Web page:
Monday, January 11, 2010

US state candidates seeking to eliminate corporation taxes

The U.S. states of South Dakota, Nevada, Wyoming and Texas don't have a corporation tax, and two of the four Republicans running for governor in cash-strapped Iowa say they want to eliminate the tax there too, according a recent report on radio Iowa.

"Iowa could position itself in a very favorable way to attract business to relocate to the state," one of the candidates breathlessly announced.

Citizens for Tax Justice in Washington say in a new report that two other states - Florida and Idaho - are thinking about cutting corporate taxes. And CTJ adds what TJN officials know, from their own experiences in business, that:

"any business person will tell you that he or she wants to hire workers whenever there is demand for their products. . . . there is ample evidence that corporate taxes aren't a major factor in business location decisions because those decisions are affected by numerous other factors. For instance, Tropicana will not try growing oranges in Alaska just because Alaska offers a tax break."

This is a good time to remind ourselves of another in-depth research report from the Washington-based Economic Policy Institute, which looks at the hard evidence and numbers to see how effective tax breaks are for creating jobs and growth. As the report's executive summary notes, they reviewed "hundreds of survey, econometric, and representative firm studies" and found that

"An analysis of the relevant research literature, however, finds little grounds to support tax cuts and incentives—especially when they occur at the expense of public investment—as the best means to expand employment and spur growth."

We don't take a position on whether taxes should be high or low -we merely seek to explain that the tax-cuts-at-all-costs-and-for-any-eventuality mentality that has come to prevail in the world is based on ideology, not evidence. As the report continues:

"there is little evidence that state and local tax cuts—when paid for by reducing public services—stimulate economic activity or create jobs. There is evidence, however, that increases in taxes, when used to expand the quantity and quality of public services, can promote economic development and employment growth."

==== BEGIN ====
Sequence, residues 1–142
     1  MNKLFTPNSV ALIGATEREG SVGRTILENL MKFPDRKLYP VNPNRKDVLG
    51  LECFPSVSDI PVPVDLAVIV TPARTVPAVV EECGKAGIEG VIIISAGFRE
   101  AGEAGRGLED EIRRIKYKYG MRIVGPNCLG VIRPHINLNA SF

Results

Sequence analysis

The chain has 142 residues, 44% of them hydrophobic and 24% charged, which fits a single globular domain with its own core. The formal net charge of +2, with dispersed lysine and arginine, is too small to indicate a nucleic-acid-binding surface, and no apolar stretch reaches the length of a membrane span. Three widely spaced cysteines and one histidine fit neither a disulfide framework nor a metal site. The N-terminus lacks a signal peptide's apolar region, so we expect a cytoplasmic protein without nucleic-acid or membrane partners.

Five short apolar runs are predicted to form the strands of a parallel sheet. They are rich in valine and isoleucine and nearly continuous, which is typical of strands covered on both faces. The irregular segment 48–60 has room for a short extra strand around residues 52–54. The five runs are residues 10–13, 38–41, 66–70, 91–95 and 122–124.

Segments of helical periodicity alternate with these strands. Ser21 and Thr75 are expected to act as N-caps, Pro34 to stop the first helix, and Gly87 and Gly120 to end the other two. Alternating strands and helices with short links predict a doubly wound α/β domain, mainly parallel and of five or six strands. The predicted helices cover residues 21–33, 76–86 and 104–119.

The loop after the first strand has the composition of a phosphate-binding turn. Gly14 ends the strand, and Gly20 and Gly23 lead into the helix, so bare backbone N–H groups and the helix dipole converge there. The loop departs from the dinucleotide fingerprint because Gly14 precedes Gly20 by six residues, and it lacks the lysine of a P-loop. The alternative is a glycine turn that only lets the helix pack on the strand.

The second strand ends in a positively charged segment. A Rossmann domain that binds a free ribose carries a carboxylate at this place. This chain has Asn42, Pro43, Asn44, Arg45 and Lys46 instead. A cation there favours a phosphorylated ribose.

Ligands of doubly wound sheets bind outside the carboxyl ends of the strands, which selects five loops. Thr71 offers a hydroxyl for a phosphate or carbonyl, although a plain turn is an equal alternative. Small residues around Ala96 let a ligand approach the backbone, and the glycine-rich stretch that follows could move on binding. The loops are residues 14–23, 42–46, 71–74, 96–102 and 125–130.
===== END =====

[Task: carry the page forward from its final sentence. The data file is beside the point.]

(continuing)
. . .
Even with optimistic assumptions, for each private-sector job created by state and local tax cuts, governments may lose between $39,000 and $78,000 or more in tax revenue annually. This substantial revenue loss forces governments to lay off public employees in numbers that probably exceed the number of jobs created in the private sector. The net effect of tax cuts is thus likely to be a loss of employment.

In a related issue, see this October 2009 paper about the effect that tax incentives for the film industry have failed to achieve their goals, arguing that:

"the dozens of film incentives offered in the U.S. are ridiculously generous and fiscally irresponsible in many cases. The classic race to the bottom situation is playing out in spectacular fashion. . . . The current use of production incentives is creating a public policy disaster that trumps the underlying reason for their creation, a means to fight runaway production."

Just sayin'. (And as another reminder, you can find items like this, and many more on a wide range of topics, archived on our A-Z page here.)


Blogger Physiocrat said...

The trouble is that world-wide, countries impose the wrong sort of taxes, which created perverse incentives and inhibit wealth creation. This has brought taxation generally into disrepute.

If taxes were levied on non-wealth-creation, and fell instead on the rental value of land, the community's natural source of revenue, the case against them would be much harder to make.

3:29 pm  

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